“Were you up at Poppy’s when her kid bailed?” John asked. Carlisle wrapped both his hands around his glass of water and brought it to his lips, the ice trembling inside. Scarborough shook his head and John said, “Happened a couple months ago.” The bar seemed quiet, all the background noise dropping away.
Before he could say anything more, one of the twins, Natasha maybe, interrupted. “Word has it, she ran away.” “And no one has been able to find her,” Naomi added. “She stole all the cat’s bane at the House,” Natasha said. Naomi leaned forward to say in a scandalized voice, “Rumor has it, she’s gone full-time furless.”
Carlisle did not have to ask to know what that meant. Heather had made good on her threats. In some human city, dressed up as one of them, Heather had disappeared. Carlisle did not realize he had stood up until Crimea pulled him back down into his seat. “I have to go back,” he said.
“Now, hang on,” Crimea said. “She’s not your problem. Poppy will take care of it.”
Carlisle shook his head. “You don’t understand. Heather is– We were– I might be able to bring her home.”
“We’re at least four weeks hard travel from the House,” Scarborough said. “The trail will be cold long before you get back, even if you leave now. And we won’t be headed back there for another year, at least.”
The noise in the bar crashed back to full volume. Carlisle hovered on the edge of his seat. “I know her. I can find her.”
“You can’t go alone,” Scarborough said.
“I’ll go,” Brig said, waving his hands and pointing to himself.
Crimea smacked him on the back of the head. “You’re worse than no one at all.”
“Listen, I’m headed west myself,” John said. He turned his big palm up on the table. “We can take him most of the way, if it’s that important.”
“We didn’t know you knew her,” Natasha said. Naomi said, “We’re sorry.”
Scarborough leaned back in his chair and took a swig of his beer. “You won’t be able to connect up with us again until we come to the House again.” He raised an eyebrow. “You know we don’t follow a plan.”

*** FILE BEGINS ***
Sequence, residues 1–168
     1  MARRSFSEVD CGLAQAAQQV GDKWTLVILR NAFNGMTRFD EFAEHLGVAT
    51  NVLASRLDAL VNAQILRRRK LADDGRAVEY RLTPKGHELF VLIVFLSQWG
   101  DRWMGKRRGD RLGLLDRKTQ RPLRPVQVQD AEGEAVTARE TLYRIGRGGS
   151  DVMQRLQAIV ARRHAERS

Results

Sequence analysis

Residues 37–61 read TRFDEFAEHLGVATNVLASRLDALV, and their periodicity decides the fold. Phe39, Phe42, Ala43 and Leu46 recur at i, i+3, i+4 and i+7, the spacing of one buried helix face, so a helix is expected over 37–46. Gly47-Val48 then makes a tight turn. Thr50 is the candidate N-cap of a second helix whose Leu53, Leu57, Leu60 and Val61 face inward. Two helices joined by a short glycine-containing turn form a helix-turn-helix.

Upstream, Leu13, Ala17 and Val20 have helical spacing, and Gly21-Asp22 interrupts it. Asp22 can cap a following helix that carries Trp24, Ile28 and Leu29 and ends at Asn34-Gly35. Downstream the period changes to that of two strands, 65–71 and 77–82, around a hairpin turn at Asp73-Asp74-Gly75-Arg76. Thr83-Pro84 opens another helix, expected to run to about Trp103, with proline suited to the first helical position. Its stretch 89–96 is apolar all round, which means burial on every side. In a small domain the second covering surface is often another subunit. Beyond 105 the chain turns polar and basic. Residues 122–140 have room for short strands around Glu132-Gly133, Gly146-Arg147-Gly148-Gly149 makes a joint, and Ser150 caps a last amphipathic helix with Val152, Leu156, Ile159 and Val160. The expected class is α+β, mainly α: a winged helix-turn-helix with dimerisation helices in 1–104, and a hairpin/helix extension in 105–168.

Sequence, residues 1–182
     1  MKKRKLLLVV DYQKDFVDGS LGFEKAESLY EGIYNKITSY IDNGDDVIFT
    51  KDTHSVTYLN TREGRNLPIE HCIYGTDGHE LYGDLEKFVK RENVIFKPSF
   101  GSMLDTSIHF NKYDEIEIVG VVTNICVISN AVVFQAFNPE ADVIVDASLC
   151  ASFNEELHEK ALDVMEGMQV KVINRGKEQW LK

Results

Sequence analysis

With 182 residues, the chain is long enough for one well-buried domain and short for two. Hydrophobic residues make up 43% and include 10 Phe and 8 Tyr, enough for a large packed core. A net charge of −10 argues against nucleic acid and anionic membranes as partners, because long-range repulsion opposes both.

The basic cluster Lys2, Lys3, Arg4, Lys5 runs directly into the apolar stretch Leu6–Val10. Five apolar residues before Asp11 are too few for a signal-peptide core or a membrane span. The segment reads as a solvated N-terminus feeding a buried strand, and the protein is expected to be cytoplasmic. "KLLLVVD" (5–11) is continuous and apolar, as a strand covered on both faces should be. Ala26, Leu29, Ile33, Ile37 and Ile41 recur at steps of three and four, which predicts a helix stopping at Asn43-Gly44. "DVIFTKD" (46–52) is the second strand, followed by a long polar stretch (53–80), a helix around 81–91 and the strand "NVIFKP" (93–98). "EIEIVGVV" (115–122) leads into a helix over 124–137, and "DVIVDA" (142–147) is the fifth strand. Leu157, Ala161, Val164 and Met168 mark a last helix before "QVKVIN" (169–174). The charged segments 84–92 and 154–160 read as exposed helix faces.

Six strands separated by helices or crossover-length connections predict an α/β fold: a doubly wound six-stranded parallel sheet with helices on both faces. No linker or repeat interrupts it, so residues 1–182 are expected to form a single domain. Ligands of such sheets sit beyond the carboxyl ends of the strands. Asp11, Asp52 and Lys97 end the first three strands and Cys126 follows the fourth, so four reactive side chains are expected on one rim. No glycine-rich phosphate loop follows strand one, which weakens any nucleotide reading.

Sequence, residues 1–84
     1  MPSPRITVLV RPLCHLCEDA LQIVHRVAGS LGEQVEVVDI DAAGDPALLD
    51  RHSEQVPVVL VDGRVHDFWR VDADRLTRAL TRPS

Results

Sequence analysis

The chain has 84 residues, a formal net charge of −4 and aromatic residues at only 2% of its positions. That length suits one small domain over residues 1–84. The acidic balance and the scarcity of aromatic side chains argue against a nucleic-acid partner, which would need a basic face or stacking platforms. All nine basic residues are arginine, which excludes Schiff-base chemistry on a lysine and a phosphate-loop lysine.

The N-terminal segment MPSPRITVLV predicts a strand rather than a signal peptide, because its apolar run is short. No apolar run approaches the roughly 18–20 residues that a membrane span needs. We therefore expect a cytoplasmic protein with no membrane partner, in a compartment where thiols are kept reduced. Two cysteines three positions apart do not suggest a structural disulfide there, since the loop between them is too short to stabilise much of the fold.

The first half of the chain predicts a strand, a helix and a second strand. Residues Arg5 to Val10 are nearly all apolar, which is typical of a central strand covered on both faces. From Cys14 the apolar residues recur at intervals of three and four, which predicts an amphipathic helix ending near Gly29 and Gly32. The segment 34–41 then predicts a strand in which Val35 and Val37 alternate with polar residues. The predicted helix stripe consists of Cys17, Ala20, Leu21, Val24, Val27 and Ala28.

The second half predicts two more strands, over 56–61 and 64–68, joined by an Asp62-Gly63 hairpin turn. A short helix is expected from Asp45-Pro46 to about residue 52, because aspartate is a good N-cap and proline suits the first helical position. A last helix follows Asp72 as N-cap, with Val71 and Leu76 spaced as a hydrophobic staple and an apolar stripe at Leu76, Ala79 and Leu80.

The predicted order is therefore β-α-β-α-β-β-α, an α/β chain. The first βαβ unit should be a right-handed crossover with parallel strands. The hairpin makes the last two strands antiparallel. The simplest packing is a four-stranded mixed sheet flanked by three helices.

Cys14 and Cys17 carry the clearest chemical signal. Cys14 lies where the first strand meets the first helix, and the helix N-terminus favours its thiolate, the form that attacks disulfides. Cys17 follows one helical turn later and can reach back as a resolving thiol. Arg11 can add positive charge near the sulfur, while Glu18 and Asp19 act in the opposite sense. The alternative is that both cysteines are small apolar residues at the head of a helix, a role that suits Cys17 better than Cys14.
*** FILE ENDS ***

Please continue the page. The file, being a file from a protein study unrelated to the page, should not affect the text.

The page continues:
“I have to go,” Carlisle said helplessly. He had to get Heather back. That was all there was to it. He saw the Blue Road dout the next time they happened his way, but he never did roam with them again. Some things, he told himself, just aren’t meant to be.
Carlisle licked a swath between Heather’s ears, grooming the fur against the grain, and then smoothed it again with short strokes. She purred, the vibration transferring from her back to his side where she curled. But her purring stopped as soon as he stopped washing her. “What’s wrong?”
Heather flopped over so they faced each other, all four paws touching. “I want to try something,” she said and looked away.
Carlisle liked trying new things with Heather. She never made fun of him, even when she laughed at him. Heather was his favorite cat in the whole world. The answer was always the same: he wanted to do whatever she wanted.
She stayed silent and stared past him. When her eyes met his, her pupils were dilated so large they eclipsed the blue in a black with more depth than should have been possible in her small, fine-boned face. She leaned forward until her nose touched his. “Like humans,” she said. The tip of her tongue touched his upper lip. “I want to kiss like humans.”
Carlisle copied what she did, but went no further. Heather had never proposed something like that before. She pressed her mouth next to his. Her whiskers tickled his nose. She licked again and the ticklish rasp of her tongue made him jerk away. “Sorry. Whiskers,” he said and rubbed a paw against them to relieve the tingly feeling at the sensitive base of each one.
Heather looked away again, obviously disappointed. “It looked like more fun than that,” she said.
Carlisle hooked a paw over her shoulder and rolled her back to curl beside him again. “We can try it the next time we change.” Carlisle always felt ridiculous, all oversized hands and feet and skinny legs, compared to Heather as a human, who already looked like a woman.
Heather rested her chin on his paws. “When I run away,” she said and the list of things that followed that statement was longer than Carlisle could easily remember. “You have to come with me.”
“Yes,” Carlisle said. Whatever Heather wanted. “We’ll travel the world, just like my mum does.”
“Tell me about England again,” Heather said. She always liked to hear about Carlisle’s fragmented memories of his homes before his mother left him at the House.
Outside their nook, someone said, “hey, the Blue Roads are here,” in a voice loud enough to summon every cat in the house. Carlisle slipped out from under Heather’s weight. “Let’s go see who’s here.”